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Irritable Male Syndrome – Six Things You Don’t Know – MenAlive

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Do you suffer from IMS (Irritable Male Syndrome) ? Read this and find out how you can effectively treat the condition. It doesn’t matter if you’re young or old, a man or woman, married or single. Whatever your age, whatever your marital status, you can help yourself by learning some facts about IMS – which is a condition millions of men suffer from.

I have noticed that many men are not aware of the symptoms of irritable male syndrome, or the symptoms of prostate cancer. This is unfortunate because the symptoms of irritable male syndrome can be similar to the symptoms of prostate cancer and it can be difficult to differentiate between the two.

 

Irritable male syndrome

Irritable Male Syndrome (IMS), like most of the topics I write about, is based on both personal and professional experience. In my professional life, I’ve coached over 25,000 people and couples who completed my IMS assessment and realized they had an issue with male rage. IMS came dangerously close to destroying my marriage. After is an extract from a letter my wife sent to our counselor following our first meeting:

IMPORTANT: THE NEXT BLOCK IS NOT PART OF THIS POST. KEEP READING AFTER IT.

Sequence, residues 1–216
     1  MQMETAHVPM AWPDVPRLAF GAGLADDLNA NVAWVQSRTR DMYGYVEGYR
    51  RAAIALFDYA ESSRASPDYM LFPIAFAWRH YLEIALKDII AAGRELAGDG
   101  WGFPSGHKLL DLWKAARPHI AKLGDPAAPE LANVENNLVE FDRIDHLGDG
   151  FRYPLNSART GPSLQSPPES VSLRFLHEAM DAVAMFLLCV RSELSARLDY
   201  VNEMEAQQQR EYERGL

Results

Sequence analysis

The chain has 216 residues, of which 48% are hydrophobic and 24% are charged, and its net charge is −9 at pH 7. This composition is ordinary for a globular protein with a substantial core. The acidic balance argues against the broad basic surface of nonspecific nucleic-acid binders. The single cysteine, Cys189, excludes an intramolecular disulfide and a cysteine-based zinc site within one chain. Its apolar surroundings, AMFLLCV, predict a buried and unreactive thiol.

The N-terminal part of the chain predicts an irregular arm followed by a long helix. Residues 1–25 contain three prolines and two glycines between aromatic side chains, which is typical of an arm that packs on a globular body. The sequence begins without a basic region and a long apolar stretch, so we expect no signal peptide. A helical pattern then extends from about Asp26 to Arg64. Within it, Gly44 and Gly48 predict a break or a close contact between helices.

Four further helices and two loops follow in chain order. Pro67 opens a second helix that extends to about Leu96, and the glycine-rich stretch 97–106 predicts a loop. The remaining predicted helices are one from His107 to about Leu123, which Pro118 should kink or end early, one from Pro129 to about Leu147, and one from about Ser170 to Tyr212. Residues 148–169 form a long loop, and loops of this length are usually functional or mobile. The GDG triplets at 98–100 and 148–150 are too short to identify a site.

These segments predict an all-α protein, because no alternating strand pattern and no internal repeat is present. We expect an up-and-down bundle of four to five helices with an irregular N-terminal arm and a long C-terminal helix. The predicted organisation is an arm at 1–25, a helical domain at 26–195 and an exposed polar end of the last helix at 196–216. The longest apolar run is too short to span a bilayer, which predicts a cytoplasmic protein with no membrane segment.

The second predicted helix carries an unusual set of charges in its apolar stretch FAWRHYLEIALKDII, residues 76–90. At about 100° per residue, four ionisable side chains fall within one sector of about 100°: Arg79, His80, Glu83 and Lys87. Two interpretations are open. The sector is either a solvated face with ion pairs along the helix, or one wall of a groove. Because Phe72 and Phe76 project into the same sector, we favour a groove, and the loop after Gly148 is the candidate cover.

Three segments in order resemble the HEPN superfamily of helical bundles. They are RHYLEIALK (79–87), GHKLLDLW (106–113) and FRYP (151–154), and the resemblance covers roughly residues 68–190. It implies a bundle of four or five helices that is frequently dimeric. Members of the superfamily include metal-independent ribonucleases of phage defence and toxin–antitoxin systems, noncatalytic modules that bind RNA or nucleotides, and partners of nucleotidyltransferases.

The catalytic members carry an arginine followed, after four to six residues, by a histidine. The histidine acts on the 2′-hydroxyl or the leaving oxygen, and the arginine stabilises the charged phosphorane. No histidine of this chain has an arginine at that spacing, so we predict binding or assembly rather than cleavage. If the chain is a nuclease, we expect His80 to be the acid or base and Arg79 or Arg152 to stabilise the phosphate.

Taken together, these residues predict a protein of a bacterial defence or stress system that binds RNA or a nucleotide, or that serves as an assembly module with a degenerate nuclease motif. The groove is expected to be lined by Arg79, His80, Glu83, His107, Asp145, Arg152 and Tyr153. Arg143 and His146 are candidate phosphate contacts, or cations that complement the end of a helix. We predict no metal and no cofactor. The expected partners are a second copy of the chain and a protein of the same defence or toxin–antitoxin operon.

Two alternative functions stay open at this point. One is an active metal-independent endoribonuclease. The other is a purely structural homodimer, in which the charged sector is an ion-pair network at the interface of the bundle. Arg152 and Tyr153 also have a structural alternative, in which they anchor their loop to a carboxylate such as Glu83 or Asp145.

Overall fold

“The most concerning aspect of Jed’s personality is his frequent mood swings. He may be furious, accusatory, arguing, and blaming one minute, then buy me flowers and cards the next, and leave me love messages the next. In one hour, he’ll go from staring me down with daggers to beaming with joy. I typically shut down, and it takes a long time for me to feel open with him again.”

What makes IMS so painful is that both individuals believe they are doing their best, that they are responding to their partner’s provocation, and that they are becoming more afraid as their marriage starts to crumble and they don’t know how to rescue it. Here are some of the lessons I’ve learnt that helped me preserve my marriage and may help you save yours as well.

1. There is no one to blame for IMS.

He is the one who is impatient, angry, and accusing, thus it frequently seems like he is the issue to the woman. I frequently had the impression that my wife didn’t understand me and was doing things that irritated me. I’d shout, “Of course, I’m furious!” “Who wouldn’t be enraged when you treat me like that?” It is the IMS downward spiral that is to fault, not him or her, one spouse or the other. 

2. Both spouses are frequently unaware of the IMS Downward Spiral.

Each of us thought we were behaving solely in reaction to the other. My wife felt compelled to retreat as a result of my rage. Her seclusion frightened and enraged me since I frequently felt alone and uncared for. It took us a long time to realize our individual roles in injuring ourselves and each other.

3. Women often unintentionally provoke men’s rage and defensiveness.